Our View: Norse funeral avoided in Knife River

The historic Leif Erikson Viking ship, long neglected in Duluth, has finally found a forever home on the North Shore.

Photo courtesy of Paul von Goertz of the Knife River Heritage and Cultural Center / The historic Leif Erikson Viking ship, long neglected in Duluth, is getting a new home in Knife River. This week its shrink-wrap was removed by employees of Knife River Marina — Max Kolodziejcak, top, and Rick Hill, on the ground — for display in conjunction with Festival of Sail in Two Harbors.

Finding a home for the Leif Erikson Viking ship, a place that’s both out of the elements and in the public eye, was taking so long, decades even, that the Duluth volunteers working on it started thinking that “maybe we’d be looking down from Valhalla at the ship someday and not be able to be a part of the final deal,” as Neill Atkins, chair of the grassroots group Save Our Ship, or SOS, said in an exclusive interview this week with the News Tribune Opinion page.

Atkins and others need to hang on only a little longer to see their years of fundraising, lobbying, and other hard work pay off — to see their long-dreamed-of permanent and protected home realized for the nearly century-old ship, the first of its kind to successfully cross the Atlantic Ocean following the same route as Norse explorer Leif Erikson, from Iceland to what is now America. The Viking ship arrived though the Duluth ship canal, historically and to cheering throngs, on June 23, 1927.

This week, the ship has been moved out of storage in Duluth, where it has been out of sight but at least protected since 2013, to its new home for public display and preservation — its forever home, at long last — at the Knife River Heritage and Cultural Center.

“Finally, we’re going to get this darn thing completed,” Atkins said. “We’ve got a whole bunch of volunteers — my mother and others from the Sons of Norway and others who helped diligently on this — who are gone. They’d be pleased.”

To anyone disappointed that the Leif Erikson ship will no longer be in Duluth: come on, Duluth had decades of chances to make that happen and didn’t.


Sure, plans were made — or often just discussed — to respectfully house, maintain, and display the historic boat. But they kept being scrapped or allowed to fade from public attention and public funding, pushed aside by whatever hot new priority emerged.

The vessel spent years at Leif Erikson Park after the city accepted responsibility for it not long after its late-1920s arrival here. Duluth businessmen Bert Enger (for whom Enger Tower and Enger Park were named) and Emil Olson had acquired it and donated it to the city. The city vowed to take care of it as a public treasure. It’s safe to say the city has fallen far short of making good on that commitment.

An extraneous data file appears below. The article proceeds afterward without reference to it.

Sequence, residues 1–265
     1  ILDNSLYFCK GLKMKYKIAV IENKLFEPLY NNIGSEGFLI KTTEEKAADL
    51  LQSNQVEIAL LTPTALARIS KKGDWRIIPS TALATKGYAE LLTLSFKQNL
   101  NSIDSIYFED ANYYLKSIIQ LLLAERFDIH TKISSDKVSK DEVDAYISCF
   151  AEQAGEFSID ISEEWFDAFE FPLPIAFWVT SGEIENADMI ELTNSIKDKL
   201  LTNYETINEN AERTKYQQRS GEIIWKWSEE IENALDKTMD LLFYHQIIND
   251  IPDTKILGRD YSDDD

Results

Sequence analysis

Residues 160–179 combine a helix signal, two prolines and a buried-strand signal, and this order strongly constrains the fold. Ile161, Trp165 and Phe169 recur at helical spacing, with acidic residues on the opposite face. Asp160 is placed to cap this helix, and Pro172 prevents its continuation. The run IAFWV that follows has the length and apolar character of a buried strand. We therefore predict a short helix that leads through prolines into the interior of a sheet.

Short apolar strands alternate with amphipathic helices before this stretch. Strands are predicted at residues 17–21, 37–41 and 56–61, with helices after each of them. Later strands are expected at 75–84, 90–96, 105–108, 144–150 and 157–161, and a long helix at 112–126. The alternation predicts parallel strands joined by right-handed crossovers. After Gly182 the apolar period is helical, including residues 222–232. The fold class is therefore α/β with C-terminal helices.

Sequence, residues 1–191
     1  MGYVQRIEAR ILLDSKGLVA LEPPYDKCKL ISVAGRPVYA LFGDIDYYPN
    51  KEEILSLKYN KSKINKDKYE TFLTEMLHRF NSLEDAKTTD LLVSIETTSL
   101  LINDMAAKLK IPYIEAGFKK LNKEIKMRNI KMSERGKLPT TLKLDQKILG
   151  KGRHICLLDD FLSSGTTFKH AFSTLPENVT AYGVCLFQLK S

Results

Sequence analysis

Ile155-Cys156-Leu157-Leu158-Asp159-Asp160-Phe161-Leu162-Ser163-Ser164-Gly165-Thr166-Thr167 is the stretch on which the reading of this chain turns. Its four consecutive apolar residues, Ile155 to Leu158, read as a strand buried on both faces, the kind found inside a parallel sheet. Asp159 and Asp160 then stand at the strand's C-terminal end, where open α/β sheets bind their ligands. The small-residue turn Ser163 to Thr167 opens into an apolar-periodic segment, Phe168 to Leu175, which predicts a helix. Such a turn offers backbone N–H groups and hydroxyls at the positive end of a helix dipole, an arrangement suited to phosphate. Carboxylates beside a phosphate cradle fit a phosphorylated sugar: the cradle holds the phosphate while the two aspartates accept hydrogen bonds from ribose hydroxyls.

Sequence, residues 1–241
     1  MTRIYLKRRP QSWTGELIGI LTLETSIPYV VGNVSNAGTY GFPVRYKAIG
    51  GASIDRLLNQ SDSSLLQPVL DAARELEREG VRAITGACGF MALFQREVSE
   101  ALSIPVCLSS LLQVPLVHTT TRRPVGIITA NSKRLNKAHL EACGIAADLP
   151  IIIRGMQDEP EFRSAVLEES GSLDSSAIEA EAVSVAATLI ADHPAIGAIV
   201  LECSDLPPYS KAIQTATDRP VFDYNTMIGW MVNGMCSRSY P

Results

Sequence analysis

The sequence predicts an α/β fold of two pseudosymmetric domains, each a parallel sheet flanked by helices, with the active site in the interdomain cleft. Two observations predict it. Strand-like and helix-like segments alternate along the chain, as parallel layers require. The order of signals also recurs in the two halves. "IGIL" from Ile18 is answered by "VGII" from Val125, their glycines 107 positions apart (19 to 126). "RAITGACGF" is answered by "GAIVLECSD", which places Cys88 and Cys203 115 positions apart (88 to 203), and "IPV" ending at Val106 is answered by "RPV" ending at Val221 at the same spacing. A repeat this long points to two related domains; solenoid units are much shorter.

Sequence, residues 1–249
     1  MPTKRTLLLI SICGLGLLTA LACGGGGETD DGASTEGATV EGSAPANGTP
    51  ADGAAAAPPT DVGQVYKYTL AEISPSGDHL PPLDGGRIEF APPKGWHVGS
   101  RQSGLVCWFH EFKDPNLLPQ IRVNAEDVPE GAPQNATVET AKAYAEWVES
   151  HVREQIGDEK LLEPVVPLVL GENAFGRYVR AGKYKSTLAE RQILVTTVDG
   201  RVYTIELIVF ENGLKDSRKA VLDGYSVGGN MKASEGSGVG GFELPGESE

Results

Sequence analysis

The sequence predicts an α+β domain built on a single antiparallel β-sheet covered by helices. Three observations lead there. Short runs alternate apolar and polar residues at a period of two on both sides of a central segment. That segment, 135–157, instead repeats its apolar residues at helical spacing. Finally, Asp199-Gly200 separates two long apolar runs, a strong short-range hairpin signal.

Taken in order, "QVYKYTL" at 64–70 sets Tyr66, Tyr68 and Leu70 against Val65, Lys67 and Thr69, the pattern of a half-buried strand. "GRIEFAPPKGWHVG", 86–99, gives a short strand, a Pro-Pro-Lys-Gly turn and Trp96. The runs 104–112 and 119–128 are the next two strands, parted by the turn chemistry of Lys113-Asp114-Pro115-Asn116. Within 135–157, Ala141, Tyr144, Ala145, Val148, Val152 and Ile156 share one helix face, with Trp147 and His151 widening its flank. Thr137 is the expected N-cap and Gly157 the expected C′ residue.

For the longest time, the boat was left unprotected, allowing it to be battered and tattered, year after unforgiving year, by Duluth’s famously severe weather. It also kept getting moved, from place to place, like a mismatched chair that can't find its place in any room of the house. At one point, it was surrounded by ugly chain-link fencing and barbed wire.

Atkins and others, to their credit, never gave up on it. And, last summer, when the city did what it probably should have done years earlier and transferred ownership of the craft to SOS, there was newfound “optimism … that it finally will be treated with the respect and reverence it deserves and as the community treasure that it is,” as a News Tribune editorial opined. The Save Our Ship group is “actually interested in its preservation and display. … (and) has already been laboring for years — since 1985, to be precise.”

The Viking ship’s new home is appropriately near Lake Superior, easily accessible by visitors off Scenic 61, and in a city founded by Norwegian immigrants that still boasts a large Norwegian-American population. The Knife River Julebyen, a Scandinavian-themed Christmas festival, draws about 5,000 visitors every December to celebrate Scandinavian holiday traditions.

“Knife River has retained its boat-building and -restoring skills, passed through generations,” Paul von Goertz, board president of the Knife River Heritage and Cultural Center, told the News Tribune Opinion page this week. If the public is to learn about how North America was discovered by Europeans, it should be in a historical and educational setting. The teaching tool is a replica of what we believe is the first ship to land here. It is in the best interests of the public that stewardship of the ship be in public hands, in this case SOS, a nonprofit, and the Knife River Heritage and Cultural Center, also a nonprofit. The land upon which the ship rests should also be publicly owned.”

Its shrink-wrap protection removed, the Leif Erikson Viking ship is on display all this weekend in Knife River in conjunction with Festival of Sail in nearby Two Harbors. By fall, Atkins said, a concrete foundation for the building expected to be housing the ship by next year will be poured and ready. The ship will then be shrink-wrapped again for the winter by volunteers from the Knife River Marina, a donation valued at $800 to $1,000, Atkins said.

“It has been so long. It has been over 30 years,” Atkins said. But success in finding a permanent, protected home for a treasured piece of our past seems to finally be at hand. Skol to SOS, Knife River, the Knife River Heritage and Cultural Center, Sons of Norway, and anyone and everyone else who has worked so hard for so many years to make it happen.


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